These three chirpy ceramic dogs, each about 12 inches high, stand atop the mantelpiece of the Pelléas & Mélisande Suite (number 719) on the rooftop level of Hotel Sacher Wien. The gal loves their facial expressions. Haughty is an understatement, here. Above a working log-look fire, and below an oil of a cow, they actually appear to dominate the really gorgeous salon of this suite. It is another Pierre-Yves Rochon design – as different from London’s Four Seasons Park Lane and The Savoy; Four Seasons George V, Paris, and even Hotel Bristol, Vienna, as you can imagine. Everything Rochon does is unique.
He did not have to contrive the view. Look south from the salon and, just a few yards across Philharmonikerstrasse, you have the amazing green copper roofs of the Staatsoper, designed by August Sicard von Sicardsburg – Emperor Franz Joseph and Empress Elisabeth attended the opening, a performance of Mozart’s Don Giovanni, May 25th, 1869. Pelléas & Mélisande, the suite, has an L-shaped balcony, for opera and Kärntnerstrasse viewing – it extends along the suite’s east flank, past the dining area and the bedroom. Inside, you can turn west from the bedroom, via closet to the bathroom that is parallel to the bedroom-dining, clever. Rochon has used champagne colours with hints of burgundy, say a standing floor lamp on a banana-shaped spindle rising to a Chinese coolie hat with burgundy figurative fabric on its outside.
There is masses of burgundy colour downstairs, in the rich public areas of the building first opened by the Sacher family in 1876 – it was called Hotel de l’Opera, then. Yes, this is the same Sacher of the sachertorte, the signature cake invented by 16-year old Franz Sacher for Prince Wenzel von Metternich in 1832. Jump forward to 2013. Now, 300,000 sachertortes are handmade each year, in a production factory near Vienna airport. They are couriered worldwide, and sold in the Sacher hotels in Innsbruck, Salzburg and here in Vienna, where the hotel, which takes up a whole block, has a Sacher Café, a Sacher Stube and a Sacher Eck, all of which seem to be 100 percent full from breakfast time through to midnight or beyond.
Today’s head of the Sacher dynasty is the lovely and talented Elisabeth Gürtler, who is hands-on in strategy for the 149-room Hotel Sacher Wien (a Leading hotel) and its non-stop operations. She used to run the annual Opera Ball but she moved on from that to taking charge of the Spanish Riding School, of which more anon. At dinner in the Röte Bar – also completely full, with locals (visitors, reserve far ahead via the hotel’s concierge) – she holds court. She expands in detail about her love of dogs: her own Jack Russell is on the cover of the hotel’s dog brochure. Stay here and if you have four legs you have a choice of bed sizes, and leads, and foods, and local walks and canine-friendly shops. This is an ideal dog hotel. The only things the four-legged cannot do are spa, or come to the restaurants.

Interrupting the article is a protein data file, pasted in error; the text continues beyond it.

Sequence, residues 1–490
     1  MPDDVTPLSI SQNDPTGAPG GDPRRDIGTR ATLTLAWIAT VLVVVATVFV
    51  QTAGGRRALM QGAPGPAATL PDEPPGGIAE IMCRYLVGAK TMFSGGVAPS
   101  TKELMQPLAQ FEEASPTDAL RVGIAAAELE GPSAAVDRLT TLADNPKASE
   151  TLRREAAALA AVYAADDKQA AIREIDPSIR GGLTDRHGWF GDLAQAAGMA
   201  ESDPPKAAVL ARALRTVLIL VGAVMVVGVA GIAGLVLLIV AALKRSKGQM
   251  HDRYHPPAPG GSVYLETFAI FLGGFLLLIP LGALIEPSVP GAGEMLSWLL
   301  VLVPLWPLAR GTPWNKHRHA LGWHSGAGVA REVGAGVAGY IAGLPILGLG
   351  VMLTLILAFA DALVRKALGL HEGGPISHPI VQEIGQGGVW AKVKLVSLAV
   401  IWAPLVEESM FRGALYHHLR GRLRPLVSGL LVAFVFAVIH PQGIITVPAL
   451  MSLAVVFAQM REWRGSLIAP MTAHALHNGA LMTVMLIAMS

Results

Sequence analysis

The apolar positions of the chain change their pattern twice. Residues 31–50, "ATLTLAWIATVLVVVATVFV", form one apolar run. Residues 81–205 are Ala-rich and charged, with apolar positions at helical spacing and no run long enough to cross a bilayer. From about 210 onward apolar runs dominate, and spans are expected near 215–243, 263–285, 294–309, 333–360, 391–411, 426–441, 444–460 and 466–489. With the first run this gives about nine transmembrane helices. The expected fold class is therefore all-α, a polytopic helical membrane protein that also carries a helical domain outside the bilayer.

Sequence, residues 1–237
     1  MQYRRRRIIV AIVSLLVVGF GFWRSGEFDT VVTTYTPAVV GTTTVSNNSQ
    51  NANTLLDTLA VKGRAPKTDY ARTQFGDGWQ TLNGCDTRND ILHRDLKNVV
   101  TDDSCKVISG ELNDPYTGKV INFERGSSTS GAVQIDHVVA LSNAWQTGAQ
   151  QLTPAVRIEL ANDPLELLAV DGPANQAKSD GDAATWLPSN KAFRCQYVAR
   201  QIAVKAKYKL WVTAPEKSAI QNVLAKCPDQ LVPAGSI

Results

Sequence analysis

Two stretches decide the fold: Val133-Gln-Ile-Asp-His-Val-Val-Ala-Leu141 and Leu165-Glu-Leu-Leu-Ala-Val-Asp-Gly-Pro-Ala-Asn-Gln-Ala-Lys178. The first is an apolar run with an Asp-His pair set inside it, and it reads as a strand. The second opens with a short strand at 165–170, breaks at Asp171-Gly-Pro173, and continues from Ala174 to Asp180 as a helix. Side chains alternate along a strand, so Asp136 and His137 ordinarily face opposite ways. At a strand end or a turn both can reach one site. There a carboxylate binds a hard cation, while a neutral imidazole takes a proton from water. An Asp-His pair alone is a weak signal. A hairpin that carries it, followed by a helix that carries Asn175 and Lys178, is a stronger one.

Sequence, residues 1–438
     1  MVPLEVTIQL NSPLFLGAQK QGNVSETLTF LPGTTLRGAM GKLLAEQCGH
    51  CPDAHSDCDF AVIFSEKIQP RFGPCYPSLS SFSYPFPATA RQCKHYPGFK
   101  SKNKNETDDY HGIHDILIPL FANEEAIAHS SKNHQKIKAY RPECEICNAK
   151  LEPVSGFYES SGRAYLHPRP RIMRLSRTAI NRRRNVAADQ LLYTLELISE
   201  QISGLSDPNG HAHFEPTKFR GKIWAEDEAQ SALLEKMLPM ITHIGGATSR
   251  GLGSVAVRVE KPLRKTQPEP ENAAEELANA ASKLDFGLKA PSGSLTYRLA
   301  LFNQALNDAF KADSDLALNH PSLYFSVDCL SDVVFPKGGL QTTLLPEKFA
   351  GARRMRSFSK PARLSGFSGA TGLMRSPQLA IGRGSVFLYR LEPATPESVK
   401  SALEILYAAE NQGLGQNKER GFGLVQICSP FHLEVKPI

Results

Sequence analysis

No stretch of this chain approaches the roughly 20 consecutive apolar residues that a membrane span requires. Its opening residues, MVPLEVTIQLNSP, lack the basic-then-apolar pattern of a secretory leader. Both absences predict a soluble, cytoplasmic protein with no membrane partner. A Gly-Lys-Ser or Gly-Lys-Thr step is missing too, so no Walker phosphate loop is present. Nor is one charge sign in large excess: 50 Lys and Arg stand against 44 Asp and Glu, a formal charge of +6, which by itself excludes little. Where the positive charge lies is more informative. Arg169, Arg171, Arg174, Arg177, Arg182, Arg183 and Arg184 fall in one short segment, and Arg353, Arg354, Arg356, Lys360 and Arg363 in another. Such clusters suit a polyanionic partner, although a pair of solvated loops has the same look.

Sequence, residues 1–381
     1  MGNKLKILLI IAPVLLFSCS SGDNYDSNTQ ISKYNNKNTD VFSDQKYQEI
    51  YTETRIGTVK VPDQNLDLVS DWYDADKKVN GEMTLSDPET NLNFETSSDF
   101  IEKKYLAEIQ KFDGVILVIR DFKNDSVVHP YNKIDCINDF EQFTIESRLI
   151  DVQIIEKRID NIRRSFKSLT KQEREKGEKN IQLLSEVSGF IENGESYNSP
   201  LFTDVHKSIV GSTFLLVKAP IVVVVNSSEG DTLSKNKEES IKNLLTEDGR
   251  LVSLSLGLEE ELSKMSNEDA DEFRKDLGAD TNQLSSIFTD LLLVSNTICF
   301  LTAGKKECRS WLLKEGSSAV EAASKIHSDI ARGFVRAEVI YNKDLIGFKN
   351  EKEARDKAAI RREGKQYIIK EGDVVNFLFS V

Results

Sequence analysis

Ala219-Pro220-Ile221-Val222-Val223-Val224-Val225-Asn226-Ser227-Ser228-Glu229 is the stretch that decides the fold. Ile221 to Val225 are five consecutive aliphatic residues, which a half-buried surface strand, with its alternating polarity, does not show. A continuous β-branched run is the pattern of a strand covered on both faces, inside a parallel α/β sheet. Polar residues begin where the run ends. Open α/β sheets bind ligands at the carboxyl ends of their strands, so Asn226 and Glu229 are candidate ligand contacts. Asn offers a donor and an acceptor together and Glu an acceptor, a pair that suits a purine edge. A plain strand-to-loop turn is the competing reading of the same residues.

We have two legs each, and here in Röte Bar it is time to try Viennese specialties, and there is no-one better to advise than the restaurant’s manager, Wolfgang Ebner, who has been here a staggering 42 years. He suggests goose liver followed by tafelspitz, namely Tri-tip beef (the triangular bit at the base of the loin, close to the back leg) boiled in water, with vegetables. This is shown to me in a large copper pan, swimming in its cooking broth. I get, on the plate, a slab of beef and the veggies, and spinach purée and rösti potatoes. There are side sauces, apple and horseradish. We taste Wolfgang Ebner’s choice of local wines, Grüner Veltliner Weingut Fink 2012, Gsellmann & Hans, Blauer Zweigelt 2011 and Röter Eiswein Weinrieder St Laurent.
Only a few hours later I wake up in this gorgeous luxury hotel, and head for the gym, which opens at six. I shower with the hotel’s signature Time To Chocolate shampoo – yes, it does slightly smell of chocolate – and head down to yet another glorious 19th century reception room, the Marble Room, for breakfast. I sit at a white-linen table looking at amazing wall panels of butterflied white marble with beefsteak-like streaks, almost a reminder of last night’s memorable dinner. I look up at staggeringly beautiful Austrian chandeliers, and then head to the adjacent room which hosts the buffet. I order an omelette from a young chef, who warrants 10/10 for grooming, and check what the buffet actually has. The croissants are about the best I remember but, you know what, I cannot even bring myself to sample one of the Sachertortes on the display, and there are three versions there, plus Laurent-Perrier…. Oh what style!